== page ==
The year 1963
was a momentous one for the Thespians for they lost their
President, Producer and Musical Director. The death of R. H.
O. Wright, a member since 1912, was a matter of great
sadness and, indeed, his contribution to the Society as
singer, Honorary Secretary, Musical Director and, finally
President, had been quite outstanding. He was replaced in
1964 by Mr K. Guyton, another member who had served the
Thespians in a number of ways.
whose preference the committee respected in changing their
original choice of 'The Pyjama Game' to 'Kiss Me Kate' for
her last production holds, of course, an almost incomparable
position in Thespian history. Between 1925 and 1963, she
produced no fewer than forty-two shows, notwithstanding the
six barren years of World War 11. Now in her seventies, she
had decided to retire on doctor's advice. 'Mrs Rendell,'
wrote Wendy Wright - 'or 'Eisie' as she is affectionately
known to all - has never spared herself to ensure the
success of each show. It is difficult to realise the amount
of work entailed in some of the larger productions, but 'Eisie',
with her tireless energy and unfailing sense of humour, is
Her method of
training both principals and chorus - a curious mixture of
sound instruction and flippancy, affectionate bullying and
leg-pulling - is surely unique, and fascinates all who work
with her. To say the Thespians are lucky to have secured the
services of such a Producer is a gross understatement - for
all who are fortunate enough to know Eisie Rendell, will
agree that they will not look upon her like again.'
Earlier in the
year, just before Easter, the Thespians gave a performance
of Faure's 'Requiem' and a Bach Cantata in St. Mary's
Church. The organist was Percy Wells and the performance was
well supported by the public.
'Kiss Me Kate'
was not, unfortunately, a financial success, though it was
much enjoyed by those who saw it. It was the last show
conducted by Peter Cooper, who had informed the committee of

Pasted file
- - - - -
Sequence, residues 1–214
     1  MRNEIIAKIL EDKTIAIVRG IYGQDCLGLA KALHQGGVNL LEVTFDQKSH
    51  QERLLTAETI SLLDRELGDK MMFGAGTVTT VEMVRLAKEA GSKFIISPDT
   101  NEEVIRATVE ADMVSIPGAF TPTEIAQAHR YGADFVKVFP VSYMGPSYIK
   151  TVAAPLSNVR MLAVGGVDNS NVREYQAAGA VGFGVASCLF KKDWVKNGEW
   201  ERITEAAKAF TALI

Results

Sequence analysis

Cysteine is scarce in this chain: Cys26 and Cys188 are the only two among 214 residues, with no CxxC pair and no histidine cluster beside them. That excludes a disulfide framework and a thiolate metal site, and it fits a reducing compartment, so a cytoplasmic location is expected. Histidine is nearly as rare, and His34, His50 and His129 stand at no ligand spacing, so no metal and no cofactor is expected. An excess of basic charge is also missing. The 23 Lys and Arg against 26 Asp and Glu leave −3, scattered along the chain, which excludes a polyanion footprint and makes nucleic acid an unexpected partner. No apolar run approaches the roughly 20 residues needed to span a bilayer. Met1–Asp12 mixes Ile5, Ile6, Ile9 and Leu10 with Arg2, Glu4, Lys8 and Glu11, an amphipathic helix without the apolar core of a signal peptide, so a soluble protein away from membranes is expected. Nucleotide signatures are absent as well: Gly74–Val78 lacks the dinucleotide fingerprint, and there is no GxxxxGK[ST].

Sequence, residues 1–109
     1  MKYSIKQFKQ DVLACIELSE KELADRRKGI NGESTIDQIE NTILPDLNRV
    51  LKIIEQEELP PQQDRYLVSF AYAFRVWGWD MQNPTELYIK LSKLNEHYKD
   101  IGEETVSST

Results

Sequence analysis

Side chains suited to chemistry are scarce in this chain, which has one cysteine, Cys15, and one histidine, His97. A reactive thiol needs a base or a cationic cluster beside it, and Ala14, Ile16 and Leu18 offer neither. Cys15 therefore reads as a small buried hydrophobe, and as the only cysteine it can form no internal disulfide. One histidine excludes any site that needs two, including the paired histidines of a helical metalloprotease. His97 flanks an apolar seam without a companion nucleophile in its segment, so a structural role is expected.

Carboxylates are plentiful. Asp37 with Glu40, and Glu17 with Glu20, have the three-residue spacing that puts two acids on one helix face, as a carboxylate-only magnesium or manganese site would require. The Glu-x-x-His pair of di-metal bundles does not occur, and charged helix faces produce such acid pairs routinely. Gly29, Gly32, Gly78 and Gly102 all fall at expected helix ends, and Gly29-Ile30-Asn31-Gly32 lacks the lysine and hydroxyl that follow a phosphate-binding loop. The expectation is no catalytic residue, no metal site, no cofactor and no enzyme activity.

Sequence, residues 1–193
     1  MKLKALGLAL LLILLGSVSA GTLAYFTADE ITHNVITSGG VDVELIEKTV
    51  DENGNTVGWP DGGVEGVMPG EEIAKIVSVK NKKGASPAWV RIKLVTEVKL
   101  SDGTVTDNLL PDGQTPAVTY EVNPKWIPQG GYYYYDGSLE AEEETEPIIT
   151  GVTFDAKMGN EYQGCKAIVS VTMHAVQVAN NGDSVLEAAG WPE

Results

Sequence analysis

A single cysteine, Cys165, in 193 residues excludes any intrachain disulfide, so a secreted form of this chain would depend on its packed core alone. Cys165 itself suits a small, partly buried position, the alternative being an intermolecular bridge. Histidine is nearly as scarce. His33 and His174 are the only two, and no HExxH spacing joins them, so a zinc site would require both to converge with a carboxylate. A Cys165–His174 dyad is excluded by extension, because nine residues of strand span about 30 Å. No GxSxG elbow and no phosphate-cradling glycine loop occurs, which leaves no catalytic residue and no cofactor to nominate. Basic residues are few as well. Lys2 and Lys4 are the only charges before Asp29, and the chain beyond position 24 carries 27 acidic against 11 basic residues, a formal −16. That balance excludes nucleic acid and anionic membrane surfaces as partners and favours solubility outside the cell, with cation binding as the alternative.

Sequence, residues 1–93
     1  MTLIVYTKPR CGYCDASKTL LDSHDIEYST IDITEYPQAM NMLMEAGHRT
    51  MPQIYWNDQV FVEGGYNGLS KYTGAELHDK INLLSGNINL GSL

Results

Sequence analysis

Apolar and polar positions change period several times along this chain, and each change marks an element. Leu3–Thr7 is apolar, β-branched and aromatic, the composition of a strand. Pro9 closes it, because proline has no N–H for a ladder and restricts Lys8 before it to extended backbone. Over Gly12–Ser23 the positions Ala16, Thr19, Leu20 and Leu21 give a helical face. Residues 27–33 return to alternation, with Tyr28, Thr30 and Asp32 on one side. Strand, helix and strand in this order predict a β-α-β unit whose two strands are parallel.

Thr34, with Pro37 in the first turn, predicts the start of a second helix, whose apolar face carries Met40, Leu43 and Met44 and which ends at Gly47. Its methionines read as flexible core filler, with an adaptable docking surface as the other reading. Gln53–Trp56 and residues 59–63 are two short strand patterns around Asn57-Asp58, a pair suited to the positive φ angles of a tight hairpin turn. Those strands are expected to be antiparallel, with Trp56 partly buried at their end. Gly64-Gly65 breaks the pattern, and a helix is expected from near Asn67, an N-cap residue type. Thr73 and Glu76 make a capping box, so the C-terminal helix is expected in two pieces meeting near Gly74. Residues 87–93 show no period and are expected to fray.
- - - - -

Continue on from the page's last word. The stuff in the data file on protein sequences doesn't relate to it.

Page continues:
his intention to resign. The committee accepted his
resignation with regret and thanks for his seven years' work
with the Society, and cast around for a replacement. Thus it
was that Vera Mallett came to the Thespians, and a more
felicitous and profitable appointment could, scarcely have
been made, as the years since have demonstrated. The new
Musical Director was the first woman to hold the post in the
Society. A professional vocal coach, she had recently moved
into the district from London, having had a wide variety of
experience as performer, teacher and conductor. She it was
who initiated the change to an orchestra of professional
musicians, drawing her players not only from the immediate
locality but from London and other places outside the
In view of her
reservations about the show chosen for 1964 -'La Belle
Helene'- the committee accepted her suggestion that 'Pink
Champagne', adapted from the Strauss operetta 'Die
Fiedermaus' should be substituted. This was staged at the
Town Hall in November, 1964, with Nan Taylor as the
producer, and its success augured well for the future.
Earlier in the
year, the Thespians and their new Musical Director had got
to know each other in rehearsals for a single performance of
a concert version of 'The Yeomen of the Guard.' This was
given in February at Hitchin Boys' Grammar School.